Oh Lord, I can feel the religous argument about ready to explode itself noto the scene...

Can't we all go a month without a religious argument? it would make me sooo happy:).

11-10-2001, 10:52 AM
All this you have no will of your own stuff makes me wonder by i bother playing vidio games when what happens is destined to happen why dont i just turn of the system and on the vcr. Well its fun to think your in control. About AI there was a computer called hal that could learn and talk all that and it would just be the next step to give it a personality. Of corse this brings up the question if it acts like a person and for all practical perposes it is a person wouldn't it be unethical to turn it off. Wouldn't that ne like killing someone (your stoping their brain from functioning) and sure if you turn it back on whould their be the same consisness or would it be like a clone. That would be a place where having a soul would come in handy it would be like a restore disk when the computer crashes, or back up memory. You die it floats off, your reserect, it floats back. Well any way sorry for my inteuption back to quantum phisics. This has been an interesting discussion.

11-10-2001, 12:30 PM
I don't see any reason to think we do have any sort of a stream of consciousness. For example, imagine that we do have souls, but instead of being bound to a single individual they constantly migrate between them. However, memory has been scientifically demonstrated (to my satisfaction, at least) to be a property only of the brain: both short-term and long-term. So these entities would not be aware that they're constantly shifting around, because they have only the memories of their current host. The stream of consciousness is an illusion created by memory. I think it's easy to carry this further: now assume that only half the time an individual has a spirit host: this does not affect the perception of any of the hosts. Reduce to this figure from half indefinitely toward zero.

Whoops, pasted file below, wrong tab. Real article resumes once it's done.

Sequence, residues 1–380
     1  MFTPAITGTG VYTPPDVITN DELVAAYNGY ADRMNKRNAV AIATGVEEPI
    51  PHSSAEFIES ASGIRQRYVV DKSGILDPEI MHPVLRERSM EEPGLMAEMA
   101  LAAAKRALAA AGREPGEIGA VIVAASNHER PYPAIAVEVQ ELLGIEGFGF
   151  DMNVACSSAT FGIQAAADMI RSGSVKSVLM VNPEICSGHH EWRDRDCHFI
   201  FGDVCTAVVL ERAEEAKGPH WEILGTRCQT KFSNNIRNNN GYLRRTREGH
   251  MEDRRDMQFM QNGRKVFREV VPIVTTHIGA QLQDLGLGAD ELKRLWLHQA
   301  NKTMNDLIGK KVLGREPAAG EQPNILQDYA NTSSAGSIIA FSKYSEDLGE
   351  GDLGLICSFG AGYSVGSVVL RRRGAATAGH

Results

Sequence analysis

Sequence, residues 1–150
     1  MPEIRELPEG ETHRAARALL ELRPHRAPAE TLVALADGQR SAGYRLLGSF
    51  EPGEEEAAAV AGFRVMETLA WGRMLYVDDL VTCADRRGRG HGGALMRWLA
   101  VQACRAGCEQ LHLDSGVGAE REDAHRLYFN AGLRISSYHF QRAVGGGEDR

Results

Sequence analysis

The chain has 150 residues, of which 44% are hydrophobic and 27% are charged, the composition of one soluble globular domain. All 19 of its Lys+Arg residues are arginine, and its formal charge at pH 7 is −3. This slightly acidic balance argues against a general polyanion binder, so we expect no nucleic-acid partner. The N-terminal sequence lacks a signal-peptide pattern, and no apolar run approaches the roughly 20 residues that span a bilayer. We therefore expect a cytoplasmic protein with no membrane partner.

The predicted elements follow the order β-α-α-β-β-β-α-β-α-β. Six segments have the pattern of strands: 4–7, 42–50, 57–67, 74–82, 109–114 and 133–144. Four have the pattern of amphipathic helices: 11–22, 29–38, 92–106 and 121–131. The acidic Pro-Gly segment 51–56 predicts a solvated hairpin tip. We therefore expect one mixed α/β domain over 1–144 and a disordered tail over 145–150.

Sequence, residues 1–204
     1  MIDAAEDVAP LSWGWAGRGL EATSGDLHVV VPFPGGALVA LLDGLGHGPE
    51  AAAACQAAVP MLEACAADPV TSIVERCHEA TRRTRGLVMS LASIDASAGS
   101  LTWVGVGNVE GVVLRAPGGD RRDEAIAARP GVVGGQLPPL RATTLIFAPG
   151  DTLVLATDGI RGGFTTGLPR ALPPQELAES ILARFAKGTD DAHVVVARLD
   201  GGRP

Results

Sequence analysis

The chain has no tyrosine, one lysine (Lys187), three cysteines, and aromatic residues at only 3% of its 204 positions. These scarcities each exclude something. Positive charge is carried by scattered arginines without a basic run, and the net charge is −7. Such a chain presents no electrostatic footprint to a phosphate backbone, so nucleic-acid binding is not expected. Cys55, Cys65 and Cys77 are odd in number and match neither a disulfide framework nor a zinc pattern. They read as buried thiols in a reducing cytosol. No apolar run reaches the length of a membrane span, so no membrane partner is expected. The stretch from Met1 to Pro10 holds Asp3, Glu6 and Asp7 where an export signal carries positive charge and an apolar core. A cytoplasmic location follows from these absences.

The answer to the rest of your questions is either "I don't know, we don't know enough about the brain," or "that question doesn't have any meaning because we're not self-aware in that sense." The fact that we don't understand the brain completely doesn't mean we have to pretend it's controlled by magic. I also maintain that quantum mechanics means that the universe and/or the organisms cannot be completely deterministic, especially if quantum mechanics has some sort of a role in self-awareness. Chaos theory clearly demonstrates that completely insignificant changes in some cases - which can easily be provided by quantum randomness, it seems to me.

Assuming the universe and assuming souls exists are very different things, it seems to me. If we assume the universe exists, we can then make predictions that can be tested, and use the results to gain greater understanding. What do we gain if we assume souls exist? We haven't explained anything, we've just artifically cordoned off an area from our understanding. I think that an aim of an assumption can be just as satisfactory as an explanation of an assumption.

Now, that isn't completely true. I think that the presense of a spirit can be tested to some extent. You misinterpreted my last message somewhat: I was saying that IF the "soul" is something composed of matter and energy, then we should be able to create it and manipulate it. If is a true sould like the one you speak of that is not bound by universal physical laws, we should not be able to do this, and therefore there should be a distinction between entities that are susceptible to such manipulation and those that are not.